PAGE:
This enables them to deploy GDPS/PRRC, which uses synchronous disk replication that avoids data loss in the two data centers immediately within their geographical region. At the same time, more enterprises are starting to expand the distances between their primary data centers and their third data center to beyond 100 km. Typically, synchronous disk replication can’t be used at this distance due to the signal latency impact, but asynchronous data replication gives the enterprise a DR and failover alternative that’s outside its immediate service area, and that can be activated in the event of a regionwide disaster. This works very well for companies serving different global geographies, or for those whose geographical regions are subject to weather, power grid or other disruptions that could potentially bring down all their computing in a broad area.
Companies electing to move to three or four data center DR and failover models tend to be heavily concentrated in the financial services sector, where continuous availability of service is imperative. These same companies are confronted by pressures and conditions that can be addressed by having that third and even fourth data center located far away from the first two data center locations.
The primary drivers for more than two data centers are:
• A regulatory concern that the business will be able to “stay running” in the face of a widespread regional disaster. For instance, when the World Trade Center buildings in New York were hit by terrorists in the 9-11 attack, a New York bank that maintained two data centers in lower Manhattan couldn’t access its data centers. As part of its wide area DR and failover plan, the bank had a third data repository in New Jersey that it was able to recover from, although recovery took five days.
• A desire to avoid data loss if one of the two data centers in the enterprise’s primary region goes down. The first and second data centers within a specific geographical area can use disk replication to keep data at both sites in sync. This disk replication gets disrupted when one of the two sites fails. By maintaining a third data center that isn’t part of the same synchronous data replication process and is being updated in asynchronous, periodic data updates, companies have the assurance of another DR and failover mechanism if the primary or secondary site goes offline.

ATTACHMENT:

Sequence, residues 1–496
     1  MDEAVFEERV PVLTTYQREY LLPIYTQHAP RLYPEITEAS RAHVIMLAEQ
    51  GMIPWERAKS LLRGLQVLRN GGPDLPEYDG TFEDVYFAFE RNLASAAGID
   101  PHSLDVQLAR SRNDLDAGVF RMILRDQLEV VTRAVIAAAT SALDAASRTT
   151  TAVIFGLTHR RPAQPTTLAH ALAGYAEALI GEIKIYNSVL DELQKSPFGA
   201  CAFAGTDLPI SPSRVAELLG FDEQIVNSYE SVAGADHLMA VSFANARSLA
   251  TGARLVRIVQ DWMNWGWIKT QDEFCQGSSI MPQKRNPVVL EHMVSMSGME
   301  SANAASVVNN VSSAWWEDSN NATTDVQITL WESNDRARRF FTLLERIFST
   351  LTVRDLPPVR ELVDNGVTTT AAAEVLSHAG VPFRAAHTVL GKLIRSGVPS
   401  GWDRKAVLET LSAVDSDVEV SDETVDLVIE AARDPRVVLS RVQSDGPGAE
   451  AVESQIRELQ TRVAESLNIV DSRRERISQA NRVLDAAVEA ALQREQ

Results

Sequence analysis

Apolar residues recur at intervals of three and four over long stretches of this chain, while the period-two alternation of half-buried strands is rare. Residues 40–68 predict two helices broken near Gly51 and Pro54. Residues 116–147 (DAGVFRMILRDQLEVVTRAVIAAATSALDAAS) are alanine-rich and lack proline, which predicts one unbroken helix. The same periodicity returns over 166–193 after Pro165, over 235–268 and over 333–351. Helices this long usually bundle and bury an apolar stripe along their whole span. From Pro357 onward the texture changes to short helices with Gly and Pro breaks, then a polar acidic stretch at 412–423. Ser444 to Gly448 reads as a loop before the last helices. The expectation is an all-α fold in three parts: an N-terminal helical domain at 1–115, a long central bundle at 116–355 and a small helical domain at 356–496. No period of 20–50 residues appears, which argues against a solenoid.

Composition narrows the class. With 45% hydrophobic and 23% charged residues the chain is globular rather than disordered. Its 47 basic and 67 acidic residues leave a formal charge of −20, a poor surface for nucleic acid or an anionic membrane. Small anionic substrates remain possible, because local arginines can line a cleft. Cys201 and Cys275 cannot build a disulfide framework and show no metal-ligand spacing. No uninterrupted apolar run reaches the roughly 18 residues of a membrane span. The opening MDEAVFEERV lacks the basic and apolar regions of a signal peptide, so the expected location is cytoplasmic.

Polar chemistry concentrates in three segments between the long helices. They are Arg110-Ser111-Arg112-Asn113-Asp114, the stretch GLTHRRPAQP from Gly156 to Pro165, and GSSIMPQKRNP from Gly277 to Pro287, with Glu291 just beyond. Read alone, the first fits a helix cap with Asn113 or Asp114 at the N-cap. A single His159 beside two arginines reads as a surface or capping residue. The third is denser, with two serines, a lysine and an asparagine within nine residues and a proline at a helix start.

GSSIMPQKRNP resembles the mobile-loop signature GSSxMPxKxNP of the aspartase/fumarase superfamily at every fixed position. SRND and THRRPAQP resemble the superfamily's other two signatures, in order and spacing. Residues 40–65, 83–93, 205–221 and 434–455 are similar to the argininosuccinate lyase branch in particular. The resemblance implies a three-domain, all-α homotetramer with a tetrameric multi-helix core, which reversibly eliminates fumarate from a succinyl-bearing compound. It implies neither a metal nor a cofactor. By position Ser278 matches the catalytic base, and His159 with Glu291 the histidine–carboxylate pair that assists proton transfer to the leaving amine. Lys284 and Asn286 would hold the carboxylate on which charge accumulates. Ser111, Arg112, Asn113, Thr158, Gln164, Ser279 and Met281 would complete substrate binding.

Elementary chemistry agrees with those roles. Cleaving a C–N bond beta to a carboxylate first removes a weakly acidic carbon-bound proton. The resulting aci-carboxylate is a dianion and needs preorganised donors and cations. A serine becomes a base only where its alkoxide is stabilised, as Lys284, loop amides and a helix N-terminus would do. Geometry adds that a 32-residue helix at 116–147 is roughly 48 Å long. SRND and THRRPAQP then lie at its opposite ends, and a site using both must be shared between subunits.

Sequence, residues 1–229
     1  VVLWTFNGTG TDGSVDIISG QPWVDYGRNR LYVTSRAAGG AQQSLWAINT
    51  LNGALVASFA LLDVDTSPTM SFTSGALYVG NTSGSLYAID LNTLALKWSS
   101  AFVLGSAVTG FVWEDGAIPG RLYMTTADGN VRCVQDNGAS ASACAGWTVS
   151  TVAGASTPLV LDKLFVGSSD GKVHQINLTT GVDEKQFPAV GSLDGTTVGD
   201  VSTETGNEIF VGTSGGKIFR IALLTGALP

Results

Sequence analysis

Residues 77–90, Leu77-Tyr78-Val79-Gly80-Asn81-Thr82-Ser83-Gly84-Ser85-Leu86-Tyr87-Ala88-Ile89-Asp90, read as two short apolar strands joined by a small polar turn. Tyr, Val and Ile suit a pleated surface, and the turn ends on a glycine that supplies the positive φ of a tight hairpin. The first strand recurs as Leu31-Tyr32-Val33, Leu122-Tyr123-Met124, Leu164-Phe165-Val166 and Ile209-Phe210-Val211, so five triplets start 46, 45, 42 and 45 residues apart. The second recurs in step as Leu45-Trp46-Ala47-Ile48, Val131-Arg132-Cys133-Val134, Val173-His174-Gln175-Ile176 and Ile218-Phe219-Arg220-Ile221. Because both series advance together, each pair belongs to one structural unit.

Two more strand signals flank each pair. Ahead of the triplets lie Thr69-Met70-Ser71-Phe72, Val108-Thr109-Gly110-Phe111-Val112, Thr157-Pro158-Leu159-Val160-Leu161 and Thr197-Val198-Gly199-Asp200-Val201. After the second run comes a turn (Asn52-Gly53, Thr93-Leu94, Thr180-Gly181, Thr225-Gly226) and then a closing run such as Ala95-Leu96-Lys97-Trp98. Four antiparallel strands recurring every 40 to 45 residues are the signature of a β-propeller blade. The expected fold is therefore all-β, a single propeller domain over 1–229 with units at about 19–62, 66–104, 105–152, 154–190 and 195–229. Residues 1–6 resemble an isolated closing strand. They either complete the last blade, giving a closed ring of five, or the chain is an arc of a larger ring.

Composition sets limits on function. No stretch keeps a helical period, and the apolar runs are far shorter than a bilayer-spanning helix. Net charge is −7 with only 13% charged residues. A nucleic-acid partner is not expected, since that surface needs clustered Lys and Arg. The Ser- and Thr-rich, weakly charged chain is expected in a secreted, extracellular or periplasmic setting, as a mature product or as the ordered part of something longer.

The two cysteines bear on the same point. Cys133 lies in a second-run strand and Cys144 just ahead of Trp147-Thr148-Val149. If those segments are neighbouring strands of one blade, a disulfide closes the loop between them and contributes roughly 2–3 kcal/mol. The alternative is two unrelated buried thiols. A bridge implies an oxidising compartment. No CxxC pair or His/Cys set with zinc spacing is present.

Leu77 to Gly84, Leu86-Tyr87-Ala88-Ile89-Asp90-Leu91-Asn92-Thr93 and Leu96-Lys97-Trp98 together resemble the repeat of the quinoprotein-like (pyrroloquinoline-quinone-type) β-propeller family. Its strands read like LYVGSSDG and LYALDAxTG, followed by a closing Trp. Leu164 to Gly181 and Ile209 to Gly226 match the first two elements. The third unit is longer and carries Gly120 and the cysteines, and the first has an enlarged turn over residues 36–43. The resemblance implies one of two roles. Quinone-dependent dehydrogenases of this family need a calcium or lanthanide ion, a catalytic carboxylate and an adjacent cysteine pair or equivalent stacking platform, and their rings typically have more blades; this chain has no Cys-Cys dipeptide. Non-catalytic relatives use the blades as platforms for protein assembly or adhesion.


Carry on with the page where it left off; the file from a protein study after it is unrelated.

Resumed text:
• A need to cover significant distances within a single geographical footprint. If two corporate locations are far apart in distance (even though they’re technically in the same region), IT might choose to implement a logically “dual” DR data center strategy within a single physical site, but also establish a third data center at a different (and distant) location within the region that uses asynchronous update mechanisms.
• A desire for data resiliency. Especially if an enterprise has a global reach, having a third data center in an entirely different geographical region from the primary and secondary data centers is a precautionary DR step. This strategy also allows IT to continue to use data replication between the two surviving sites, because if they only have two sites and one is lost, they’re forced back to a tape-based data recovery with an RTO/Recovery Point Objective (RPO) of 48 to 72 hours.